You have spent a month not contacting your ex. You spent that entire time working on yourself becoming more and more confident as the days past. Everything seemed to be going fine until you hit your first road block with a negative response. Make no mistake about it, negative responses are never good. However, they don’t EVER mean that you should give up right away. It just means you have to be smarter about how you approach things. Lets take a look at a negative response example (from my past) this is a true story.
Italiano: Riconquistare la Tua Ex, Português: Conseguir Seu ou Sua Ex de Volta, Deutsch: Deine Ex zurück gewinnen, Français: reconquérir son ex, Русский: вернуть своего бывшего, 中文: 与你的前男友或女友重新开始, Nederlands: Je ex terugwinnen, Čeština: Jak získat svoji bývalou dívku zpět, Español: recuperar a tu ex, 日本語: 別れた恋人とよりを戻す, Bahasa Indonesia: Mendapatkan Mantan Pacar Anda Kembali, العربية: استعادة شريكك السابق, ไทย: ได้แฟนเก่ากลับมา, Tiếng Việt: Giành lại người yêu cũ, 한국어: 전 애인과 다시 결합하는 방법, हिन्दी: अपने एक्स को वापस पायें, Türkçe: Eski Sevgili Nasıl Geri Kazanılır
First things first, you are going to become the sexiest version of yourself that the world has ever seen. Let’s say you and I were dating and we had a fight and broke up (I know I am a horrible boyfriend 😉 .) Anyways, after a month of you basically freezing me out (no contact) I happen to bump into you at a Starbucks or somewhere where we both frequented. The first thought I have of our encounter will be based on the choices that you made during the 30 day no contact period. If you sat around feeling sorry for yourself and ate ice cream on the couch all day I will probably think “she looks terrible.” However, if you spent that no contact time working on yourself physically and mentally I am probably going to think “WOW! She is even more beautiful than I remember.”
good food for thought dave. my partner is 53 and divorced twice. so having his assetts split twice, and in second marriage time splitting with his son. i commend his bravery for taking the courage to still take the risk for seeking companionship with me. (who has also experienced both divorce once and child access splitting) we reassure each other that our assetts and finances are to remain our own, and up to self choices made for how much is shared towards gifts and/or meals etc neither of us want each other to be in our past experiences ever again,… Read more »
We as women want to take a man’s resources – time, attention, money, commitment. That naturally requires that he trust us in order to give those precious resources. Do you understand that, as a woman, it feels very intuitive to you to want to take time, resources, love, affection and attention from a man – but that it also feels intuitive to a man to feel that these very things that you want, is a huge, huge job for him?
When you take a relationship that is brand new and start thinking that it’s something, or forcing it to be more than it is, it’s game over. Your vibe will become man repelling and before long, he’ll be gone and you will be left baffled, analyzing what exactly you did to drive him away. But you won’t ever find the answer, because it isn’t concrete and measurable.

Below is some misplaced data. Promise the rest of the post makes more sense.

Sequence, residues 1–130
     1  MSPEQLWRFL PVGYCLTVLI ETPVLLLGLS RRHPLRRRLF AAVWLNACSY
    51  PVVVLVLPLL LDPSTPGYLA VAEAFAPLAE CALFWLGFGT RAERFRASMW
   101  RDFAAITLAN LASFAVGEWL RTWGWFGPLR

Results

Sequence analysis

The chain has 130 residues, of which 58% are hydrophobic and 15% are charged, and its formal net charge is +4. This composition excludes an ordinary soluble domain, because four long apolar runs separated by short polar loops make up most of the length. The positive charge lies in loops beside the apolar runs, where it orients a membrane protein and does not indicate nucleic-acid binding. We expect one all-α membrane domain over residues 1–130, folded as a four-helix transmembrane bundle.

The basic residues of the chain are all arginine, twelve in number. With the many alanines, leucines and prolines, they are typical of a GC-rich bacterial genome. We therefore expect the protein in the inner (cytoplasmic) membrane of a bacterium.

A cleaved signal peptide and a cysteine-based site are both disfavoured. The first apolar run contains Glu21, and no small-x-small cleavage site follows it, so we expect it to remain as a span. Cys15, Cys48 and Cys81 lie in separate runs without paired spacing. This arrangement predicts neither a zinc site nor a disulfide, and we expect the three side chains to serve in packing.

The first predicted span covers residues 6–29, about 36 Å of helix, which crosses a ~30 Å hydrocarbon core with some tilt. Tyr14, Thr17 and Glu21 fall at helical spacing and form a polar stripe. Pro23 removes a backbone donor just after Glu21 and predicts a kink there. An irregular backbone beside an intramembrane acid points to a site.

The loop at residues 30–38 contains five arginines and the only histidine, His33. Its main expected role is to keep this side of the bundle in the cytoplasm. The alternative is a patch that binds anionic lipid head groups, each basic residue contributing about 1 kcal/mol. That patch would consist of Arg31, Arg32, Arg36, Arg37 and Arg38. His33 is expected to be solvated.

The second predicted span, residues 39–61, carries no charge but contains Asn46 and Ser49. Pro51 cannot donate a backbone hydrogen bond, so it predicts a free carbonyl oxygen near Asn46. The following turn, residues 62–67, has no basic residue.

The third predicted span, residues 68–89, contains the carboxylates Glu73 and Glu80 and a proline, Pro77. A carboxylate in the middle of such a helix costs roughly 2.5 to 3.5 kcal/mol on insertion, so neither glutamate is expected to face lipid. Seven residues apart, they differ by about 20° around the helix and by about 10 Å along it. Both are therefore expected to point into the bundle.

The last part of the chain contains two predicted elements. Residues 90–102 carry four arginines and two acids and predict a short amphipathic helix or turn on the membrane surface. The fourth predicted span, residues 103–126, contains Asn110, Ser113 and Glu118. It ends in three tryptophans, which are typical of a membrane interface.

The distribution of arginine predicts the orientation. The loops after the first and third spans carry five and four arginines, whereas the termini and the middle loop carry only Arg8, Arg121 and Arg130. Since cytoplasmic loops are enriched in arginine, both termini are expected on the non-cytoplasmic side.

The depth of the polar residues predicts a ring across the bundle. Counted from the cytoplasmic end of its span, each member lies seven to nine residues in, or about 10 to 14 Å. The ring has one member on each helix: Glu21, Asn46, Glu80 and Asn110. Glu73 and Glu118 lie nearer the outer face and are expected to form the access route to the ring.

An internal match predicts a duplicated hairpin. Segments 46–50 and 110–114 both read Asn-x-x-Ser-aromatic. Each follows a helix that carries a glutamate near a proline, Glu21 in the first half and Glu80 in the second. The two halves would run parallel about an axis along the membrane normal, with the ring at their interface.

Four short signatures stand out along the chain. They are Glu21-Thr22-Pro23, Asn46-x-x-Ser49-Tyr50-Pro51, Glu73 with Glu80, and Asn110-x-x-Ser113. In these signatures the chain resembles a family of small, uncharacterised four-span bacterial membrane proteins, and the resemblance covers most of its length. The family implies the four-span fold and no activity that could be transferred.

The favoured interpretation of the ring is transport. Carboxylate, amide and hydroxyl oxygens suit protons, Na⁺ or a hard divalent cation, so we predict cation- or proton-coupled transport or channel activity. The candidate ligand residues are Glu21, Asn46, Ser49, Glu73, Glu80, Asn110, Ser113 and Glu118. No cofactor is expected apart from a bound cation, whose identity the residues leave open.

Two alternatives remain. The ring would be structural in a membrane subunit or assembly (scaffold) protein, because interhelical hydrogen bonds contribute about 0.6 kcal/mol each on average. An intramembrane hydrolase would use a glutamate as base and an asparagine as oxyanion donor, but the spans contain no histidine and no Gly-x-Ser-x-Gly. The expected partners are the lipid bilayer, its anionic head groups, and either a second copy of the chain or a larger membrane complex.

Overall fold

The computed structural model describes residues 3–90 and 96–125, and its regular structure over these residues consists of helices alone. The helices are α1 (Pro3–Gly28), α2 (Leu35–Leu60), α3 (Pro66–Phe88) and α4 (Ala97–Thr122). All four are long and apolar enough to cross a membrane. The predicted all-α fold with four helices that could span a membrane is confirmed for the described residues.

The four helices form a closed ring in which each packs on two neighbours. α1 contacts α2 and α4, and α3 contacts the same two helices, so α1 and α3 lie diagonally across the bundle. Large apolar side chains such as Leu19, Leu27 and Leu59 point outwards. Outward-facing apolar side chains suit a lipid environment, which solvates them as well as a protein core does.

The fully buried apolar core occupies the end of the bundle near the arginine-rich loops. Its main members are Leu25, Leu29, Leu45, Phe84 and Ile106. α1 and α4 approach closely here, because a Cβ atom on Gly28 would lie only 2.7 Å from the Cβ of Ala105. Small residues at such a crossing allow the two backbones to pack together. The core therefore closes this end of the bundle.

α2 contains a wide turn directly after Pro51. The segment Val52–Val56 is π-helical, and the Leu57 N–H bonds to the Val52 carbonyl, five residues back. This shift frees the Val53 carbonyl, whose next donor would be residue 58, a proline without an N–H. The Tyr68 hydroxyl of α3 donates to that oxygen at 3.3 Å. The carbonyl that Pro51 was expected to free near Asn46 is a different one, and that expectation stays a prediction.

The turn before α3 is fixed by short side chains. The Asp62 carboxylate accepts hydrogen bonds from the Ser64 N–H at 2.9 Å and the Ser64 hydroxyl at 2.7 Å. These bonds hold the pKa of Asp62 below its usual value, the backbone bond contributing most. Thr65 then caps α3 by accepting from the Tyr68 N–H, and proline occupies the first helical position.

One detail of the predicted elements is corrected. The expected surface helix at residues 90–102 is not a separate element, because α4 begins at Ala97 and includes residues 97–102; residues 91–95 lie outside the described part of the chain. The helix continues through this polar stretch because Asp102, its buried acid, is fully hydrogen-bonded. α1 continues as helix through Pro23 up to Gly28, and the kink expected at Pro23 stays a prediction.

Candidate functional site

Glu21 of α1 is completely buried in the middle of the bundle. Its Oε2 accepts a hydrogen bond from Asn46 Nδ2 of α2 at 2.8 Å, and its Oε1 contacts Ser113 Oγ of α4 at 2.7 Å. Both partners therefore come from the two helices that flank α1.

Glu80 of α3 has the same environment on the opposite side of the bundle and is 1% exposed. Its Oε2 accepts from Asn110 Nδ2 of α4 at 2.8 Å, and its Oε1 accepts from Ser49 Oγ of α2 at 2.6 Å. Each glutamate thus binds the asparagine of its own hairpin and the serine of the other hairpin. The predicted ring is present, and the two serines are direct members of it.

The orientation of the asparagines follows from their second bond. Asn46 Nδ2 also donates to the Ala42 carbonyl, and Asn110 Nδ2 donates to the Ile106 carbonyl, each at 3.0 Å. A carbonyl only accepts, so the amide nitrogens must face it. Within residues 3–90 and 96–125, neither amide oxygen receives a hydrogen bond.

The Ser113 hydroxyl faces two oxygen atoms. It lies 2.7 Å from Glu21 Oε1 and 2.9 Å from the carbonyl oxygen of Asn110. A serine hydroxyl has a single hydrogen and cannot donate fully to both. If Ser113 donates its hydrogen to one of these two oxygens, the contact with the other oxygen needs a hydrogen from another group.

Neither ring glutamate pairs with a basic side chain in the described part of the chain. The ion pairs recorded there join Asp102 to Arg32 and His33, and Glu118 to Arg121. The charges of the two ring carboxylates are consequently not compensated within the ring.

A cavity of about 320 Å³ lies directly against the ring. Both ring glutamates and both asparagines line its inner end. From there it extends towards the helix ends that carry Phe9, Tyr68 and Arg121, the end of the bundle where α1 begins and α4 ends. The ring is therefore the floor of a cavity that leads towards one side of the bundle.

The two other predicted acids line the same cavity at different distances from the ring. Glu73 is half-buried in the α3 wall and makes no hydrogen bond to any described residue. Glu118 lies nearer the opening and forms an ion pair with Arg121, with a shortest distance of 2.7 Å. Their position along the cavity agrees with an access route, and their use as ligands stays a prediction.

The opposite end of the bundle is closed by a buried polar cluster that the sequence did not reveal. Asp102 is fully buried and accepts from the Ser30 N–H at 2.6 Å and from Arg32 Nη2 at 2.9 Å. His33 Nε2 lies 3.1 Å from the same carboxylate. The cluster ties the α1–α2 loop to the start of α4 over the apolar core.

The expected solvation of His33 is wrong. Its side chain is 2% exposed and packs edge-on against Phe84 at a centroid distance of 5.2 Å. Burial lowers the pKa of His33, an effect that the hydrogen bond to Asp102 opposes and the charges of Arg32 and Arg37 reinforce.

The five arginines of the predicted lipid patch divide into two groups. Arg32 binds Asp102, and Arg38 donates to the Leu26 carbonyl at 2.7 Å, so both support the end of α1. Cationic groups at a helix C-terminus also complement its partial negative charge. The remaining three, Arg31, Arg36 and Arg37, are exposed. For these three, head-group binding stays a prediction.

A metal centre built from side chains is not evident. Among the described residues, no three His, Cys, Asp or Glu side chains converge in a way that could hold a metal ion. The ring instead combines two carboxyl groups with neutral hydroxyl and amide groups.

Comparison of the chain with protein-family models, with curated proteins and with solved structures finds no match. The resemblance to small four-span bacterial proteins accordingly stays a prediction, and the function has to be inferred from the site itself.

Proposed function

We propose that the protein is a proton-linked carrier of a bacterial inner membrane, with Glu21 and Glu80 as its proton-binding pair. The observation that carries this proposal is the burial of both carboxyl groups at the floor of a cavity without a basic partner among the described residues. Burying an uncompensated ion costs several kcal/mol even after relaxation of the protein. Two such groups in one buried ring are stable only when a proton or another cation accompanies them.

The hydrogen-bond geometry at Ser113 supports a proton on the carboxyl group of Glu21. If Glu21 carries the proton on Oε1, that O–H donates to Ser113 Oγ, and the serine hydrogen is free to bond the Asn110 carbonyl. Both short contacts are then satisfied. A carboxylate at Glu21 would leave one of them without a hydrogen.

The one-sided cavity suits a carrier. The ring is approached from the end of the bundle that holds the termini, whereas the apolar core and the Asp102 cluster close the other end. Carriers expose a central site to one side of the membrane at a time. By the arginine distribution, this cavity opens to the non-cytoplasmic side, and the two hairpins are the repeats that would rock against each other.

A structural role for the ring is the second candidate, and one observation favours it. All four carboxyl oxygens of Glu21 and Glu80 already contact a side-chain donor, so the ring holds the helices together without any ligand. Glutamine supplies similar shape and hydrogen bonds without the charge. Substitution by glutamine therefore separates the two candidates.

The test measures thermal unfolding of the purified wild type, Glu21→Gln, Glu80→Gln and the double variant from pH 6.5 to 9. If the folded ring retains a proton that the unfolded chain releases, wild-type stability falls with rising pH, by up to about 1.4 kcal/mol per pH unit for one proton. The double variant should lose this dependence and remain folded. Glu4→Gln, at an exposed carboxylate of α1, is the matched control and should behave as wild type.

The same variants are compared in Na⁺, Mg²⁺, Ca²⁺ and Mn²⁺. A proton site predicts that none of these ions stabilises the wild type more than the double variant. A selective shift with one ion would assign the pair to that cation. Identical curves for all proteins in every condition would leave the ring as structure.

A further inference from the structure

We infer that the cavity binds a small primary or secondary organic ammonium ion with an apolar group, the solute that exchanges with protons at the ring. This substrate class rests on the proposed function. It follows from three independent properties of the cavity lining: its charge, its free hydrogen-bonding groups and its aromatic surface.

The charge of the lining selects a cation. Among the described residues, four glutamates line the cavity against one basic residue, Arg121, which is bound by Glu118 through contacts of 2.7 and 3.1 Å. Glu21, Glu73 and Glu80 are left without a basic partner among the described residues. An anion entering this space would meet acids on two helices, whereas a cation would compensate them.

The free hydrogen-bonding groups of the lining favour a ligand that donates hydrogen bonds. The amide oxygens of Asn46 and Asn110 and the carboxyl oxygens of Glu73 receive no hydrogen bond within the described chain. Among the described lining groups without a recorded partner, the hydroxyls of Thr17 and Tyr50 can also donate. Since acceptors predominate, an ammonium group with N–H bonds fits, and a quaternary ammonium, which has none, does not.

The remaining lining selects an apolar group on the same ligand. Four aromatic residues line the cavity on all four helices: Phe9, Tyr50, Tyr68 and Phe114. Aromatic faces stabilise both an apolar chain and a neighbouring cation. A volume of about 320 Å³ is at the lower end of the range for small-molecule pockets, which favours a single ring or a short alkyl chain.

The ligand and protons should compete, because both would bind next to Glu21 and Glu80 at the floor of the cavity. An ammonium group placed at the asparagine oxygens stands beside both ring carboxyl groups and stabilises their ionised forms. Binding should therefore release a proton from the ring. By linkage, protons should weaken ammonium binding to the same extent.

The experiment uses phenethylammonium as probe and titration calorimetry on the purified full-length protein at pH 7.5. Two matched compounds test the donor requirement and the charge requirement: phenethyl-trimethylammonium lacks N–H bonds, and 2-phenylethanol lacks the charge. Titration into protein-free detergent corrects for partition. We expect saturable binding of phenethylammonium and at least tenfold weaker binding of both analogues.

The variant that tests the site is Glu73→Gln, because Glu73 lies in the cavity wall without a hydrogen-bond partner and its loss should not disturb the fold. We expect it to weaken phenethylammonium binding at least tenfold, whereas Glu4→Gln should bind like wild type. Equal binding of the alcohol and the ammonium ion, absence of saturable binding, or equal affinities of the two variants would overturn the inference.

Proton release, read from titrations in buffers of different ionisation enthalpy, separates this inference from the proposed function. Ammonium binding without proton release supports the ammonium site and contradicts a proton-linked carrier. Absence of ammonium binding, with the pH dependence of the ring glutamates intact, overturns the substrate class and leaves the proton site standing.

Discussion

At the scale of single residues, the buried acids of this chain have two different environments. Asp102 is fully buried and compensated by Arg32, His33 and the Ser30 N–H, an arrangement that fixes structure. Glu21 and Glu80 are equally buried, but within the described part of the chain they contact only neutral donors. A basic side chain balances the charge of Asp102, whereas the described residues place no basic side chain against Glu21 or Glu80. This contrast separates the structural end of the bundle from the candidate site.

Most of us are generally able to pull off being adult at work, or when we're in a good mood. Trouble happens when we're at home, when the mood is sour. It's then that we're apt to slip into feeling like a 10-year-old and get all sulky or angry or powerless. As soon as you realize you're slipping into that 10-year-old feeling (and you know when you are), it's time to remind yourself that you, regardless of how you feel right now, are a grown up, and map out in your mind what a responsible adult may do. Sure, there’s an element of “faking it till you make it,” but by doing your best to adhere to an adult stance you can gradually train yourself to feel empowered rather than frightened or small. It's a matter of catching and changing it; with practice, the catch and change will become easier, more automatic.
So it’s been a couple months since the last time I wrote on here. The good news is that I’m succeeding with becoming the Ungettable Girl and… well my friend Linda (who is also friends with my ex) gave my ex my phone number (he never had it before as we were just long distance friends) last month without telling me and he texted me around midnight “hey. This is *Paul”
A lot of clients ask me… should I call or text my ex? Personally, I believe texting is a much safer way to communicate with your ex. It doesn’t require you to have a full-blown, face-to-face conversation and it’s extremely non-invasive. Your ex is free to reply to you whenever he or she wants, and you’re able to reply to your ex’s text whenever you want too. This sort of dynamic allows you time to think about what to say before you actually say it.
It also shows him that it’s safe to approach you. What do I mean by that? He may have been wanting to reach out to you, but didn’t because he wasn’t sure if you were still hurt or angry or bitter. With a happy, lighthearted text, you’re showing him that you’ve moved past those ugly emotions and are in a better place, a place more conducive to starting fresh.
It is important to take time after breaking up and before trying to get your ex back to examine your own emotions and decide if you truly should be with that person. Rekindled relationships often suffer from a lack of trust and can be more likely to cycle on-again-off-again with repeated breakups. If you're not 100% sure that you want to be with this person in the long-term, avoid further pain by doing your best to get over your ex instead of pursuing him or her again.[2]
×